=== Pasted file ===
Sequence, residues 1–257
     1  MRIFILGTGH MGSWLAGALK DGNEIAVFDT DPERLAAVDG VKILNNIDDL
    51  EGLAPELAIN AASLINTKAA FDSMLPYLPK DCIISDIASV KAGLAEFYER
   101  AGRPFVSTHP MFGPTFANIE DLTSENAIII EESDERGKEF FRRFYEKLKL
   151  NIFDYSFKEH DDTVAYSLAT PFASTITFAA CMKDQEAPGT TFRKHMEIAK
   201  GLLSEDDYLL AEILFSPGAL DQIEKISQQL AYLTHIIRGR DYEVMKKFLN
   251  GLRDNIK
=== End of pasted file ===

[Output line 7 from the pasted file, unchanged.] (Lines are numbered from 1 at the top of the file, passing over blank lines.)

   251  GLRDNIK